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Strathclyde Business School

Making the most of a Saltire summer

By Ross Henderson - Posted on 9 October 2015

Twenty one SBS students were selected to take part in the prestigious Saltire Foundation’s entrepreneurial scholars programme gaining valuable work experience with companies around the world. Saltire intern Ross Henderson sums up his experience in the US.

This summer I worked with the quantitative bioscience incubator, QB3, in San Francisco, California, for 12 weeks. It was a fantastic experience, one that I am truly overjoyed to have had, and will never forget. QB3, together with the Rosenman Institute, are at the heart of bioscience innovation in the Bay Area – home to the world’s leading universities, corporations, and thought leaders. Having the opportunity to work in this kind of environment is one that should be grabbed with both hands, and I’m happy to say I’ve thrived and achieved a lot during my three months in San Francisco.

I worked in a management consultant role, working with a QB3 client to assess the market for their product, and to build a business plan around this. My client, SmartDerm, a freshly spun out venture from the University of California, San Francisco (UCSF), have developed a pressure-sensitive wound dressing for use on patients at high risk of contracting pressure ulcers. SmartDerm were very early stage in terms of commercialisation, and very much focused on engineering the perfect product, rather than validating the market for this – a common startup mistake.
SmartDerm was led by highly educated biomedical engineers, in addition to medical doctors who were actively working in various clinics. As an undergraduate with no background experience of medicine or clinical environments, the experience was a daunting one to walk in to.

Fortunately, I love a challenge – it makes life more interesting. After a couple of weeks hitting the books, I became relatively well versed in a niche area of dermatology, and was beginning to learn more about engineering by attending bi-weekly Paediatric Device and Surgical Innovation meetings, where the engineers’ latest iterations were put under the microscope and debated extensively. Gradually, I understood the product, the technology, and the need. My takeaway, especially from a consulting viewpoint, is that reading things out a book isn’t always necessarily the best way to learn; sometimes it’s better to go and find out for yourself – clients value this extra effort.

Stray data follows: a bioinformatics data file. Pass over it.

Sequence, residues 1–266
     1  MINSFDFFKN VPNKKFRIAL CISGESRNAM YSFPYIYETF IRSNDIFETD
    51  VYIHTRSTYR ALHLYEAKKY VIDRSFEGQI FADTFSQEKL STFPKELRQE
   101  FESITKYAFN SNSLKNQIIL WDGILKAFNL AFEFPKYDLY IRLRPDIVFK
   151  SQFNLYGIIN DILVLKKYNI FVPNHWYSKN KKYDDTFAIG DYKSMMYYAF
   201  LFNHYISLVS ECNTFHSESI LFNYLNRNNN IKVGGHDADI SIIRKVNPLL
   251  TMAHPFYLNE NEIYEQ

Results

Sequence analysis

As the summer marched on I became a lot closer to the guys I was working with on the project, gradually building parts of the business model that added real value to the company. These two go hand in hand. When a project is as short as 12 weeks, you have to make the right decisions to ensure success; there’s simply not enough time to find a fix if you’ve messed up. Bonding with those you work with, on a personal level as well as professional, ensures a closer working relationship, and maximises the efficiency of the project for everyone involved.

By the end of my internship, I had produced numerous deliverables, the most important of which were a market analysis slide deck, and accompanying report. Slide decks (PowerPoints to the rest of the world) are a huge deal in the Silicon Valley, especially for startups. A well-designed deck allows you to communicate your business quickly and clearly, and used correctly, can sway investors towards a seed funding round. On leaving, I was told that my slide decks and reports were going to be used to seek outside investment for the project. Pretty cool, right? The work I’ve spent all summer doing will be used to source investment for a company that will change people’s lives.  If that’s not validation, I don’t know what is.

I’m really thankful for the internship, as it helped me to explore my professional identity in ways I wouldn’t have been able to do otherwise. Saltire has been the best experience of my life, and is an amazing community to be a part of. For all the interns, we’ve unlocked potential we never knew we had. Although our internships are now all over, I feel this is just the start of the Saltire journey for many of us. And who knows, if SmartDerm takes off, I might find myself back there in a year or so.

Ross Henderson is an undergraduate at Strathclyde Business School, in his 4th year of studying for a BA in Marketing and Business Enterprise.

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